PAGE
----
Republican senators are rebranding the entire mission of the EPA

According to Republican senators, the mission of the EPA should be to create jobs. According to the EPA, that's not true.

An aide holds a chart for ranking member John Barrasso (R-WY) during the Senate Environment and Public Works Subcommittee on Clean Air and Nuclear Safety hearing in June. (CREDIT: Scott J. Ferrell/Congressional Quarterly/Getty Images)
An aide holds a chart for ranking member John Barrasso (R-WY) during the Senate Environment and Public Works Subcommittee on Clean Air and Nuclear Safety hearing in June. (CREDIT: Scott J. Ferrell/Congressional Quarterly/Getty Images)

On Tuesday, Environmental Protection Agency Administrator Scott Pruitt appeared before the Senate’s Environment and Public Works Committee for the first time since his confirmation hearing last January.

Pruitt has done a lot over the past year, from slashing environmental regulations to rearranging the way agency science advisory boards operate. His deregulatory actions have earned him criticism from environmental and public health groups, which argue that those actions are inconsistent with the EPA’s mission to “protect human health and the environment.”

Republicans on the EPW Committee, however, had a different take. Rather than focusing on whether Pruitt had succeeded in carrying out the agency’s core mission, many chose to celebrate Pruitt’s deregulatory agenda as helping create jobs and grow economic opportunities for states across the country.

“Scott Pruitt’s policies at the helm of EPA, likely have protected more jobs and promoted more job growth, than any other EPA administrator in history,” Sen. John Barrasso (R-WY), chairman of the committee, said during his opening remarks.


Barrasso wasn’t the only Republican to cheer Pruitt’s actions for their impact on job creation. Sen. Joni Ernst (R-IA) said that Pruitt’s actions had “kick-started economic growth” and helped Iowa’s unemployment numbers dip below three percent for the first time since 2000. Sen. Jim Inhofe (R-OK) began his questioning by praising the “improvements in the economy that are coming with getting rid of some of these very punitive regulations.”

Republican lawmakers might be trying to rebrand the role of the EPA under Pruitt by applauding the potential economic benefits associated with cutting environmental regulations. But creating jobs and improving the economy aren’t the mission of the EPA. The EPA wasn’t created in 1970 to create jobs; the agency was created to ensure strong environmental protections across the federal government. Before the EPA, widespread pollution created environmental crises like the 1969 fire on the Cuyahoga River. Industries were allowed to dump pollutants into waterways and into the air practically unfettered; things like sulfur dioxide, carbon monoxide, and ozone weren’t regulated at the federal level.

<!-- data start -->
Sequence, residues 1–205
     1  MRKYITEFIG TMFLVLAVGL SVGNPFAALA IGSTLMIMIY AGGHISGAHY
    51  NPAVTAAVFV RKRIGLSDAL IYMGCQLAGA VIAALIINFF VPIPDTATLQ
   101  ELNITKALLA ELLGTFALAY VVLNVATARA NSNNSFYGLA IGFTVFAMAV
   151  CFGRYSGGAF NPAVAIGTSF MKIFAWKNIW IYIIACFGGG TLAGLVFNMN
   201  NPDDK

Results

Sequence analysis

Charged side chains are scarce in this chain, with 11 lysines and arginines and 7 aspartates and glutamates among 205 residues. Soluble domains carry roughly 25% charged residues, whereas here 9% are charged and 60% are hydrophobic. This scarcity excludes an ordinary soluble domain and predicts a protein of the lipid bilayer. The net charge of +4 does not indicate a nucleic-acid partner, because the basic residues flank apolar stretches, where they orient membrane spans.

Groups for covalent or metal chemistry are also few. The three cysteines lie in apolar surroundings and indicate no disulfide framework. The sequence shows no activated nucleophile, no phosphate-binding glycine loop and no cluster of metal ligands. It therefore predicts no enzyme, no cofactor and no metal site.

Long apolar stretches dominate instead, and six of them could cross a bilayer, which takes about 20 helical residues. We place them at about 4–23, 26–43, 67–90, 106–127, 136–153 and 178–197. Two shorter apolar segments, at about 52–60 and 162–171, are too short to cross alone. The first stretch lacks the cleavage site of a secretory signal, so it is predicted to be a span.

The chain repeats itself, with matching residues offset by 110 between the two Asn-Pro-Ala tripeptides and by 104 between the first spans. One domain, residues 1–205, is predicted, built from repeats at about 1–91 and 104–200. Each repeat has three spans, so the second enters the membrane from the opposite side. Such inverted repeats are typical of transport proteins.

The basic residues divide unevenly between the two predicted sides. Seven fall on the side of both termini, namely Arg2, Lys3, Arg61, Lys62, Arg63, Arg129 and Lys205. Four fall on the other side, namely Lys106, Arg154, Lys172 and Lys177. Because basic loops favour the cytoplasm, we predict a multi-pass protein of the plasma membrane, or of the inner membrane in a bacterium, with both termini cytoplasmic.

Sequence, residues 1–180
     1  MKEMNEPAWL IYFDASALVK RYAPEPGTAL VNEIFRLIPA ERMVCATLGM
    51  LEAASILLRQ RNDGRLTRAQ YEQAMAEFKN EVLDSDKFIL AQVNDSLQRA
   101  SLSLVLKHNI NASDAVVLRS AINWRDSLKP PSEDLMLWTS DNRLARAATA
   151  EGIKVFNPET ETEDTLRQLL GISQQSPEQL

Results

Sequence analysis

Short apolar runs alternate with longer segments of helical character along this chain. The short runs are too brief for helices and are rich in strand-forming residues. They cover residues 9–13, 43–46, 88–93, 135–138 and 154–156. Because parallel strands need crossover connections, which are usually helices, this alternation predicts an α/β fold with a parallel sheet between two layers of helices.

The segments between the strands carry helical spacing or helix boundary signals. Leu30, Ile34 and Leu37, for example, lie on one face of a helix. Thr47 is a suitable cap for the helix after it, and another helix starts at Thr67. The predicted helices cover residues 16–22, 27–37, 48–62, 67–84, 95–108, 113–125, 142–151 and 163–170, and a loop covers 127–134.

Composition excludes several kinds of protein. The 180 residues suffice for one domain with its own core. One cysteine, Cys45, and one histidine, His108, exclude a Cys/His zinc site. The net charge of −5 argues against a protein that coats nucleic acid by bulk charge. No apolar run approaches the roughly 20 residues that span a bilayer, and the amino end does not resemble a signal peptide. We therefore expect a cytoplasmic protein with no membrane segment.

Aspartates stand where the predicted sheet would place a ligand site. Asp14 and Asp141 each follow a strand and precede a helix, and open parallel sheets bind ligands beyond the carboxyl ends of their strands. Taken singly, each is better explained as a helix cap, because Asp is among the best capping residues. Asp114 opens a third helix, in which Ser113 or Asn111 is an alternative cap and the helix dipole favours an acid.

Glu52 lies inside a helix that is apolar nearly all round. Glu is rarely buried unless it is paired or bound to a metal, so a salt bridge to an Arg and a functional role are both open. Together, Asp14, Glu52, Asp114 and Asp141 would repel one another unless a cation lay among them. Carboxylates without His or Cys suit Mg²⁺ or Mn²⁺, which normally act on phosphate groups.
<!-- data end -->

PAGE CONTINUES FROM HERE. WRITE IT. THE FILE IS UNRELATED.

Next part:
Republican lawmakers — and Pruitt — have argued that environmental regulations created by the EPA under the Obama administration were overly burdensome and constricted economic growth. But the purpose of regulations aren’t to help spur economic activity. Regulations exist because, left unregulated, industry would choose the path that ensures the highest profits with the least amount of effort.

The EPA issues regulations to ensure that environmental laws passed by Congress are put in place in a way that protects public health and the environment. The primary regulatory rollbacks celebrated by Republican lawmakers on Tuesday — the Clean Power Plan and the Waters of the United States Rule — have had little impact on economic development throughout the country because those regulations were both put on hold by federal courts. Repealing them did not remove any regulations that were actively in place.


Pruitt has celebrated the administration’s regulatory rollbacks as saving the American people more than $300 million in regulatory costs. But those costs aren’t shouldered by the American public — they are shouldered by regulated industry, which pay for applications for permits to discharge pollutants into air and water, or pay for pollution controls to be installed on their operations.

The American public, on the other hand, often reaps public health benefits from environmental regulations. The Clean Power Plan, for instance, would have prevented as many as 4,500 premature deaths per year by 2030. The Mercury and Air Toxics Standard (MATS), which would have placed stricter limits on how much mercury power plants can emit, would prevent 11,000 premature deaths per year. The Clean Power Plan is currently being repealed by the Trump administration, while the MATS regulation is on hold.

Regulations have costs, and the EPA is required to conduct a cost-benefit analysis when considering issuing new regulations. But environmental regulations are not inherently counter to economic growth — since 1970, for instance, the Clean Air Act has created some $22 trillion in economic benefits from reductions in premature deaths and better yields in some agricultural crops, among other things. And regulations themselves can sometimes create jobs; a rule limiting the amount of methane that can be emitted by fracking operations, which has been put on hold by the Trump administration, would have created jobs for leak detection and repair employees.

Under Pruitt’s leadership, the EPA has issued dozens of actions that have rolled back stricter limits on pollution. In contrast, it has taken relatively few actions that affirmatively protect the environment and public health — which is the core mission of the EPA, though one would be forgiven for thinking otherwise after Tuesday’s hearing.